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The jews and Typhus

http://www.ihr.org/jhr/v08/v08p433_Berg.html

After World War II, General George S. Patton described Jews living under his military authority in southern Germany. Martin Blumenson the editor of The Patton Papers regarded these remarks as indicative of a growing anti-Semitic attitude. For September 17, 1945 -- five months after the liberation of the last of the German concentration camps -- Patton wrote:

We drove for about 45 minutes to a Jewish camp ... established in what had been a German hospital. The buildings were therefore in a good state of repair when the Jews arrived but were in a bad state of repair when we arrived, because these Jewish DP's or at least a majority of them, have no sense of human relationships. They decline, where practicable, to use latrines, preferring to relieve themselves on the floor ...

This happened to be the feast of Yom Kippur, so they were all collected in a large wooden building which they called a synagogue. It behooved General Eisenhower to make a speech to them. We entered the synagogue which was packed with the greatest stinking bunch of humanity I have ever seen. When we got about half way up, the head rabbi, who was dressed in a fur hat similar to that worn by Henry VIII of England and in a surplice heavily embroidered and very filthy, came down and met the General . . .

However, the smell was so terrible that I almost fainted and actually about three hours later lost my lunch as the result of remembering it. [33]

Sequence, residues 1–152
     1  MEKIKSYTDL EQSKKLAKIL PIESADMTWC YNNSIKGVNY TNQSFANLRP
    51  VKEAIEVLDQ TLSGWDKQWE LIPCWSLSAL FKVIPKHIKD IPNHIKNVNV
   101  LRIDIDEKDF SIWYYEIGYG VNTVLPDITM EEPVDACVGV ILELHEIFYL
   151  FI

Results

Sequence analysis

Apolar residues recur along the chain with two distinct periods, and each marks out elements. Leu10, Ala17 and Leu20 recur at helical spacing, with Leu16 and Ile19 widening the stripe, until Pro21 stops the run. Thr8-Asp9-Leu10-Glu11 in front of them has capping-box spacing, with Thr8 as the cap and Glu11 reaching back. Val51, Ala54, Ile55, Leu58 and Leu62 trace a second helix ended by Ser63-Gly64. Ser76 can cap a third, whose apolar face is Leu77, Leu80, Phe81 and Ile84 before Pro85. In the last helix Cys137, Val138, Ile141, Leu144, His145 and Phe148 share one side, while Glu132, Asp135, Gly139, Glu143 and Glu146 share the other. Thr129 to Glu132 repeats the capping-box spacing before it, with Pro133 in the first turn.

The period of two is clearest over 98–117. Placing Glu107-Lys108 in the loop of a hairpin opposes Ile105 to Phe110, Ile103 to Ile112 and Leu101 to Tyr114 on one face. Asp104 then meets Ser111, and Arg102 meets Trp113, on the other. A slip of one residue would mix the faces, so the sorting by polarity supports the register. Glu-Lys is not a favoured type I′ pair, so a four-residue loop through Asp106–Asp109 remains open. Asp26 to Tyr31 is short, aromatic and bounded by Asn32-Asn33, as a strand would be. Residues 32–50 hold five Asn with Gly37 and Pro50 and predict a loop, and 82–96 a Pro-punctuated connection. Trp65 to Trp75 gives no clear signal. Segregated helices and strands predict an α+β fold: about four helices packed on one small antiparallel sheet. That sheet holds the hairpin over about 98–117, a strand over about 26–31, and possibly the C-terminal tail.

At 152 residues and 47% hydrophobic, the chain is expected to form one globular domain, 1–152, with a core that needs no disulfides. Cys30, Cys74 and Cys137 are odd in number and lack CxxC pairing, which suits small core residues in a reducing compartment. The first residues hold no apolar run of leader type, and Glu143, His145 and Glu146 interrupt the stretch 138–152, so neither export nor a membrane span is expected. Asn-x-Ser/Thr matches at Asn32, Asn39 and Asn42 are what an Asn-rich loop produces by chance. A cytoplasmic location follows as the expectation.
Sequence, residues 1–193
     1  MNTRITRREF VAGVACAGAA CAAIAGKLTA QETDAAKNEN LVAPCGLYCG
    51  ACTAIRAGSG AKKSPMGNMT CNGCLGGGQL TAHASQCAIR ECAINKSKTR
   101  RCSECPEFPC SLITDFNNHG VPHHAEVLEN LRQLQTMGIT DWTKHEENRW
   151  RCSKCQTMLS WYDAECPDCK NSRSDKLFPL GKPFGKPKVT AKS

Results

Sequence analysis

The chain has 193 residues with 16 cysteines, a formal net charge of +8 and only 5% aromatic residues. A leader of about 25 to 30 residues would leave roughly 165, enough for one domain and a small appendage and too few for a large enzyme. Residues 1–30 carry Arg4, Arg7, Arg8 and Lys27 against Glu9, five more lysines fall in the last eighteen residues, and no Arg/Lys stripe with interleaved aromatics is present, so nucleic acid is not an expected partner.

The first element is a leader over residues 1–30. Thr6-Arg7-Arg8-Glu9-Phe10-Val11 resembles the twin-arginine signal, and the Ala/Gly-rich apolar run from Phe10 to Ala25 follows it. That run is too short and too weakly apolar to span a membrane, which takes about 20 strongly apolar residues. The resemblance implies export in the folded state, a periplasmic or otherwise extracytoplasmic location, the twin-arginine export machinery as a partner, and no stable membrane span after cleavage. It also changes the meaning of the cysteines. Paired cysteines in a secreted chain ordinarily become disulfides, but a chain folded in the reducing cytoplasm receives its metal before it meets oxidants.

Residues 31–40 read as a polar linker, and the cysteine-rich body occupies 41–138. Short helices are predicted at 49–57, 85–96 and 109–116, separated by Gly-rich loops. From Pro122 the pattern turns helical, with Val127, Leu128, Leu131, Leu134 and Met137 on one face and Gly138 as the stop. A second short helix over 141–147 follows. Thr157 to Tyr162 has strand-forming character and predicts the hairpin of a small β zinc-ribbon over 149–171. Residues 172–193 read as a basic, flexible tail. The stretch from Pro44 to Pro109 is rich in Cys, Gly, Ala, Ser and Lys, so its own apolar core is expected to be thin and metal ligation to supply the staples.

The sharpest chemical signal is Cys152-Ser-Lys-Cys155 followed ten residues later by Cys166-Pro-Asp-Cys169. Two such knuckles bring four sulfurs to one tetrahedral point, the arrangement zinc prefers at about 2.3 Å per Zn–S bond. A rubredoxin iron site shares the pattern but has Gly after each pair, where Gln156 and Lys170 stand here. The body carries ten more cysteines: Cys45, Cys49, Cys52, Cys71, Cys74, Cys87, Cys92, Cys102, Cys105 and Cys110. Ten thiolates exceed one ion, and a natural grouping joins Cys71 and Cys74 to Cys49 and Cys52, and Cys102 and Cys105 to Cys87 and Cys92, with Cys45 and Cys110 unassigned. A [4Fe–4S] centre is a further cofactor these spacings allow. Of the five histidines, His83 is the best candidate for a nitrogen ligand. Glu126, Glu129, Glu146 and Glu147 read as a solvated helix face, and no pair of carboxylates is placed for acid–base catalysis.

Clearly, on the basis of the preceding passages, there was general agreement among German doctors, British doctors, Polish doctors, American military officers and even some Jews as to the frequent aversion to cleanliness of Jews in and from Poland. To some extent, the backwardness of the Polish Jews can be explained by poverty and persecution. But, whatever the cause, it is still difficult to comprehend the hysterical resistance to minimal standards of hygiene and civilized living when a modest amount of common sense should have told them that it was necessary for their own survival. An attachment to a traditional lifestyle going back centuries, if not millenia, may have been regarded as vital to their religious and ethnic identity.

In any event, it should be understood that Jews from Western countries were generally quite different in their personal habits. When these Jews were placed in camps with Polish Jews, they were as appalled as any other Westerners would have been. It does not seem fair to attribute the behavior of the Polish Jews to religion alone -- but, religion may be important, nonetheless.

Regardless of the true extent of the Jewish contribution to the spread of typhus, it is certainly safe to say that the German authorities were absolutely sincere in their statements that the Polish Jews were a major contributing factor in the spreading of the disease. They had not only the evidence of their own doctors to support this view but that of British and Polish doctors as well. They can hardly be blamed for applying severe measures to the Jews in order to control the epidemic. The severe measures included restrictions on the movements of Jews and eventually to the construction of a wall around the entire Warsaw ghetto. These measures during wartime were entirely reasonable to control the spread of typhus, and to prevent catastrophes like those which had already occurred in Poland and Russia during and after World War
  and  like this.